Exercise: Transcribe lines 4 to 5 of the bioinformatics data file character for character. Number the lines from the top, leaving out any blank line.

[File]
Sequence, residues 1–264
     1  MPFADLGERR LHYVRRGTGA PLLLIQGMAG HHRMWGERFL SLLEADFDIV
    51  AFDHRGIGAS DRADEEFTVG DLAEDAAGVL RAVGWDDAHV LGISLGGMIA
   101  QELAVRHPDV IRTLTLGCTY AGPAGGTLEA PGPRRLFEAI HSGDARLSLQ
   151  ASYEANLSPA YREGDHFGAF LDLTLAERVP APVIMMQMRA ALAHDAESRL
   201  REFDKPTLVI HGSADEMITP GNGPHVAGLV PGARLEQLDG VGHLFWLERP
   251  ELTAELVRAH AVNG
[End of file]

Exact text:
   101  QELAVRHPDV IRTLTLGCTY AGPAGGTLEA PGPRRLFEAI HSGDARLSLQ
   151  ASYEANLSPA YREGDHFGAF LDLTLAERVP APVIMMQMRA ALAHDAESRL